Today there were 225,558 new cases of Covid-19 in the US and 3,499 new deaths.

How many of the Covid-19 survivors will eventually be dealing with a chronic, progressive, and incurable autoimmune disease?

Wear your masks, people!!

Wednesday Afternoon Update: I’ve been accepted into the research program and they have already shipped my DNA collection kit to me. Hannah is so excited!!

Footnote: Did Angie and I find a protein using the scleroderma patients antibodies? Yep. We did.

The Saturday Update: Weeks 49 & 50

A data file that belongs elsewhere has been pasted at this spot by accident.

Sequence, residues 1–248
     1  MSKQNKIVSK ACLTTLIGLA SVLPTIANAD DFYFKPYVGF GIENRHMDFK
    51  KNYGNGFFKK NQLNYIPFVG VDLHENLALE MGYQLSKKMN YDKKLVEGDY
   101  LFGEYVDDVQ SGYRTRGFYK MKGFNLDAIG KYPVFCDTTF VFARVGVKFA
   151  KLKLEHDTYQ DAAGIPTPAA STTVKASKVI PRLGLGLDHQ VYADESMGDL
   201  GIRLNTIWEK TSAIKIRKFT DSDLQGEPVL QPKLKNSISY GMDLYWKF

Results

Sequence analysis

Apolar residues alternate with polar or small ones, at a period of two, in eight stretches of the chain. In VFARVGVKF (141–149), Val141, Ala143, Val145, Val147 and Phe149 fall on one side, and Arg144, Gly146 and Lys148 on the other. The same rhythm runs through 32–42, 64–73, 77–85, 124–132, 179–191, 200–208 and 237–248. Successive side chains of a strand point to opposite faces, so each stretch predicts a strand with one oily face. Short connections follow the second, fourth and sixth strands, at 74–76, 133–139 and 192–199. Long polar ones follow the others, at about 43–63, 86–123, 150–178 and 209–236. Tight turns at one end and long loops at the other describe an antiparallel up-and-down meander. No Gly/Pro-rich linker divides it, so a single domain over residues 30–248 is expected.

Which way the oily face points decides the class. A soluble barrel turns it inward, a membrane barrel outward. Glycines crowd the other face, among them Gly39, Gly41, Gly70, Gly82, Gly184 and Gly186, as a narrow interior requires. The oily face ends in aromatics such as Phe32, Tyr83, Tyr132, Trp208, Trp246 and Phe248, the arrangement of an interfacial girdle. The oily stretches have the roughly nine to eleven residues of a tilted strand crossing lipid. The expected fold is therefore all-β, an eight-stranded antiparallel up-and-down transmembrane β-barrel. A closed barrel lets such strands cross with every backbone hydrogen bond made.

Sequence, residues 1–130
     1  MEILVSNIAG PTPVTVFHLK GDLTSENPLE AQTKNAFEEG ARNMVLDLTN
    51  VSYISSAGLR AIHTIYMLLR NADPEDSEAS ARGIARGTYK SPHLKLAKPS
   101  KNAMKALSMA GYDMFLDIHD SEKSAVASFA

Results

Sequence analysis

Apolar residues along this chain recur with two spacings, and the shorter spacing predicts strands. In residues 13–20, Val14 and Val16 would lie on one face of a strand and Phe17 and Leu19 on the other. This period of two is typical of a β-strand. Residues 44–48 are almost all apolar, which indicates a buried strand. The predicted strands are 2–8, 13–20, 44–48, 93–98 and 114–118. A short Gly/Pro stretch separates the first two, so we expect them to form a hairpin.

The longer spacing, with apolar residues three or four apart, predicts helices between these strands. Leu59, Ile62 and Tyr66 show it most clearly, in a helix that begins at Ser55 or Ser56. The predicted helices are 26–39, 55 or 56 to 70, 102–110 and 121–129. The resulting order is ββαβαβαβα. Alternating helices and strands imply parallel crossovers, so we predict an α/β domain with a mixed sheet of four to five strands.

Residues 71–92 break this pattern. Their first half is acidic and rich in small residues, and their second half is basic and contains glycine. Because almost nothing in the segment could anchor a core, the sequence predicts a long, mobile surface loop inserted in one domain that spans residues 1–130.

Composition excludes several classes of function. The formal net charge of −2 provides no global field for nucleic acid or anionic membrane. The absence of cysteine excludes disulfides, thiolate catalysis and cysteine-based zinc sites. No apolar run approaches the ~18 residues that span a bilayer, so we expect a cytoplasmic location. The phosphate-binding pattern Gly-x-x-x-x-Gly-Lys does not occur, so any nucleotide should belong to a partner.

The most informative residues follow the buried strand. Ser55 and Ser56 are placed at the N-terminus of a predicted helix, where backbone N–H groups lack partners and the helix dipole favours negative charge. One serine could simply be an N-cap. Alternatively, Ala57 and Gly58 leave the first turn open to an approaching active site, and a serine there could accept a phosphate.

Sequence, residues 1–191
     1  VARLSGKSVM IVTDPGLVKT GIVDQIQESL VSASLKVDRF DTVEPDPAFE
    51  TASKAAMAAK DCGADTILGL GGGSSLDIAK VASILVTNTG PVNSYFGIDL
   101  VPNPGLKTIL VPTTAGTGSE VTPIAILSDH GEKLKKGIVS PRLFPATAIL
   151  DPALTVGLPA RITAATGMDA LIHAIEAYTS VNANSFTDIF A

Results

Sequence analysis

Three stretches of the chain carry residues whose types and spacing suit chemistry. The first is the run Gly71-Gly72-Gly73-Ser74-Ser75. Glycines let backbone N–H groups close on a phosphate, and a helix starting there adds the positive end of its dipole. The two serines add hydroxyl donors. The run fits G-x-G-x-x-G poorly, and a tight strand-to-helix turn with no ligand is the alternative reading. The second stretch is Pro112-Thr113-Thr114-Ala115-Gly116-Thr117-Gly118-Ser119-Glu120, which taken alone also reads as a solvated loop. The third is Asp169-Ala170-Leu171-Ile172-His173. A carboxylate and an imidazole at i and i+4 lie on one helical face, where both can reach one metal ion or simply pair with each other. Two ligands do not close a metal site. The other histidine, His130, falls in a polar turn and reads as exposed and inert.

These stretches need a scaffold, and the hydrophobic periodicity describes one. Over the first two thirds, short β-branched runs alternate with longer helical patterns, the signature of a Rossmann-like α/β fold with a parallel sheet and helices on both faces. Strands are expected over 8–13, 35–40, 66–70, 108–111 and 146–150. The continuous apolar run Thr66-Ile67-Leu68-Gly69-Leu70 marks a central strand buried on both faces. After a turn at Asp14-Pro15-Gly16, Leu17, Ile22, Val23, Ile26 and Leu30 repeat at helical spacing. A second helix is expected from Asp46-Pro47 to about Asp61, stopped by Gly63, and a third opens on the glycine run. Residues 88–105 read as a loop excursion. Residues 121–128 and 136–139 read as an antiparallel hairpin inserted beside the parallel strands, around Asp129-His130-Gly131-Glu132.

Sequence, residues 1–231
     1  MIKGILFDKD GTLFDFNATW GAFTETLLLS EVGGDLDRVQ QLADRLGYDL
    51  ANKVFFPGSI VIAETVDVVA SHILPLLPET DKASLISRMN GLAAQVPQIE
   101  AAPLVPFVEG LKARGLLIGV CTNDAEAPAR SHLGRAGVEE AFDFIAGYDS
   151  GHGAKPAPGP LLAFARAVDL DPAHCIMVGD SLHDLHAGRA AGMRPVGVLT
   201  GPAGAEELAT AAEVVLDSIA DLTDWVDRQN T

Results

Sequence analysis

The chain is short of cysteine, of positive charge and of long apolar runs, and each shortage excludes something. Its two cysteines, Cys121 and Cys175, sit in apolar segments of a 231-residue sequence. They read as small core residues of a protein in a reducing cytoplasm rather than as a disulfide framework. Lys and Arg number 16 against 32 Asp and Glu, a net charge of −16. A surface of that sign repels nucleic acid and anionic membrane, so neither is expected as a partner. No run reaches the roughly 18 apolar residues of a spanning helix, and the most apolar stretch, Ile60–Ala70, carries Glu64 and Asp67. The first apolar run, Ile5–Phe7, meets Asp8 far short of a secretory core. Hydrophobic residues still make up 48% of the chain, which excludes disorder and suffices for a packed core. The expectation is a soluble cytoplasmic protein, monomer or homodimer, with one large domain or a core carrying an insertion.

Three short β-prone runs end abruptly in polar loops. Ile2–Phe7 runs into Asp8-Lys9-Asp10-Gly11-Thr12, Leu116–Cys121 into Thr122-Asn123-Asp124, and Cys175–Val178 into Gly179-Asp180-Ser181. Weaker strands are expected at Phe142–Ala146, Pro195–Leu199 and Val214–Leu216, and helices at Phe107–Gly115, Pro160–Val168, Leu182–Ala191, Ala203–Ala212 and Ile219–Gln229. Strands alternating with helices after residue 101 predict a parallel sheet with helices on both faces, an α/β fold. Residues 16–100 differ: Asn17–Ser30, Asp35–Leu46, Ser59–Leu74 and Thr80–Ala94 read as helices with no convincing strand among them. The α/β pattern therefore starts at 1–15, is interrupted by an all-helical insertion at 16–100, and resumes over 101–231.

What a shock to write down week 50! I have to admit that it is kind of a thrill to get towards the end of this most eventful (and not in a good way) year at last, but it is a reminder of all that I need to get done before the holidays are upon us. I’m trying to get presents finished in time to send off for Christmas and then there are my challenge goals on Ravelry and Goodreads. My Ravelry challenge goal is to get 30 knitting projects done this year and I have only one more to go! Piece of cake. I also wanted to get 50 books finished off this year and that goal is getting close with only three more books to go. We’ll just pretend that there weren’t any plans for the garden, okay? Between heat, smoke, my unhappy lungs and the pandemic there just wasn’t much progress there.